Myths About Lesbian Religious
At the December 2006 conference, “Overcoming Heterosexism and Homophobia: Supporting Our Lesbian Sisters,” I was part of a session that discussed some of the findings of a study conducted several years ago on the climate for lesbian sisters, candidates and associates in religious congregations.
Several of the participants from leadership and vocation/formation ministry said that they found the following list of commonly held misconceptions about lesbian religious to be helpful. Lesbian sisters present at the conference felt that this was something that might be useful for them to share with leadership, perhaps as a way of opening some dialogue about heterosexism and homophobia.
Many assumptions about lesbian sisters are based on stereotypes rather than reality, and according to participants in the original study, may affect the openness of individuals and congregations to lesbian candidates and sisters, and to a lesser degree, associates. This article seeks to debunk some of the more common myths about lesbians who are living or seeking a commitment to vowed religious life. It also discusses the question many ask about lesbian religious, “Why do they have to talk about it?”
Myth #1: Lesbian sisters are sexually active.
Fact: Every human is a sexual being and has a sexual orientation. Having a homosexual orientation does not equate to engaging in genital behavior with women, just as having a heterosexual orientation does not equate to engaging in genital behavior with men.
Myth #2: It is more difficult for lesbians to live in a local community because of their same-sex orientation.
Fact: Lesbians are not sexually attracted to all women, just as their heterosexual sisters are not attracted to all men. In fact, many lesbian sisters report that their orientation has served as a gift for living community in that they feel energized by daily interaction with other women.
Myth #3: Lesbians are less capable of intimacy with God than heterosexual sisters.
Fact: This myth is based on an assumption that lesbian sisters have a preoccupation with relationships with women that prevents them from entering fully into an intimate relationship with God.
Myth #4: If we are all committed to celibacy, then one’s orientation is irrelevant.
Fact: This attitude is based on the assumption that orientation is about genital activity. The cultural context in which contemporary religious life is situated treats heterosexuality as normative and homosexuality as deviant. Perhaps to heterosexual sisters, this makes the issue of sexual orientation less problematic. But for many lesbian religious, it is important to overcome their own internalized homophobia and self-loathing by affirming who they are as lesbian, just as they formerly shamed themselves. In terms of inclusion, one’s orientation is keenly felt to be relevant when one is continually subjected to expressions of the dominant culture.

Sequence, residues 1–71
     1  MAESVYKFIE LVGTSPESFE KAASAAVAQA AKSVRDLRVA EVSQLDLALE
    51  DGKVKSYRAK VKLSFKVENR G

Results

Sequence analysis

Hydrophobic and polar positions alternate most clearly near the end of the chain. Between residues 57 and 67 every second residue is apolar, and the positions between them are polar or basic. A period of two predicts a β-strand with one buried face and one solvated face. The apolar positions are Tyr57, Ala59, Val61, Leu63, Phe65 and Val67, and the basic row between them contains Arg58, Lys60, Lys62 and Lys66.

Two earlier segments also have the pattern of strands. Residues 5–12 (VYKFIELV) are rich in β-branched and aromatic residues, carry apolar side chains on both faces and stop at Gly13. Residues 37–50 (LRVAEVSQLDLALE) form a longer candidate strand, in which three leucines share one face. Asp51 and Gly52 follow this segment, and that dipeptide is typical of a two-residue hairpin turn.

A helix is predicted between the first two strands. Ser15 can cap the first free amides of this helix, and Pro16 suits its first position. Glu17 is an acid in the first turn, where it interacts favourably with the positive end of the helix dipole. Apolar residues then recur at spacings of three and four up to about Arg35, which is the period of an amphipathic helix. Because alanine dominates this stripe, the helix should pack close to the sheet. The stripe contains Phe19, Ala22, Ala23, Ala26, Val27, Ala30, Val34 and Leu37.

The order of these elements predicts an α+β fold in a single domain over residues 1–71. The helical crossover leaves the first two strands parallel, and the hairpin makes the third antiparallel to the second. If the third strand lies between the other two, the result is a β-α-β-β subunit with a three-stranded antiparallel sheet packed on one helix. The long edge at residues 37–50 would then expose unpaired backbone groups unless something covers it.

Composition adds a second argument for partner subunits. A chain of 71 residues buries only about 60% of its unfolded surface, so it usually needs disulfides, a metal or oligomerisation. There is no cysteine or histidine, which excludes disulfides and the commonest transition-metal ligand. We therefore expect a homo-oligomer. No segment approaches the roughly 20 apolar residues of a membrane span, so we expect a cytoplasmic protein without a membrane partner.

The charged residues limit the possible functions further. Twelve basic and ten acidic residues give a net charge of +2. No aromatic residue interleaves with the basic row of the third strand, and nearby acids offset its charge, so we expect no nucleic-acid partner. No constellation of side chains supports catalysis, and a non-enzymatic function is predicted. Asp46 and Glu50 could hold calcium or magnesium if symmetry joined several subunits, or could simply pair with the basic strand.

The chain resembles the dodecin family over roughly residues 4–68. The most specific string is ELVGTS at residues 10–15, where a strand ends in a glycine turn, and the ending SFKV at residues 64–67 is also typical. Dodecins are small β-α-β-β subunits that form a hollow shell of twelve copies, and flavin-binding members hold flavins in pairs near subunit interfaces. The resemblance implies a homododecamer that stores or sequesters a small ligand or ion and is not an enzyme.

“Why Do They Have To Talk About It?”
There are many reasons why a lesbian sister may need to talk about her process of “coming out.” To do this issue justice would require a more detailed article. Here I offer an answer based on my own experience, recognizing that the answer will be different for other women.
For me, I’ve learned that the process of integration of a new realization about myself always seems to involve an initial period in which I seem to be obsessed with the new thing I’m dealing with. It happened when I started my recovery from alcoholism over 20 years ago, and it happened as recently as a couple of years ago when I started attending Weight Watchers to lose some weight. So it is no surprise to me that I needed to talk about being lesbian a lot when I first came out in 1998.
In Myth #4, I pointed out how important it is to overcome the internalized homophobia and self-loathing that is a product of our society and culture. I needed to know that others would still accept and love me in the light of this new information. Eight years down the road, I find that this aspect of myself is more integrated, and does not require the same kind of intense energy to process. In one of the dialogue sessions I conducted, one sister said, “I accept lesbian sisters, but I don’t like this issue to be in my face.” I was able to use an example to help her see things a little differently. Imagine a local community of sisters, one of whom is lesbian, the others heterosexual, watching movies in the community room. The sister who is lesbian expresses her appreciation for the attractiveness of one of the female actresses. During the next movie, the other sisters make similar statements of appreciation about the male lead actor. Why is the lesbian sister sometimes perceived as being “in the face” of the others, but the others do not perceive themselves putting their heterosexuality “in the face” of the lesbian sister? This is an example of how society treats heterosexuality as normative and homosexuality as deviant.
Sandy has been a Sister of St. Joseph of Baden, Pennsylvania since 1984, and is an Associate Professor at the University of Detroit Mercy, where she teaches electrical and computer engineering.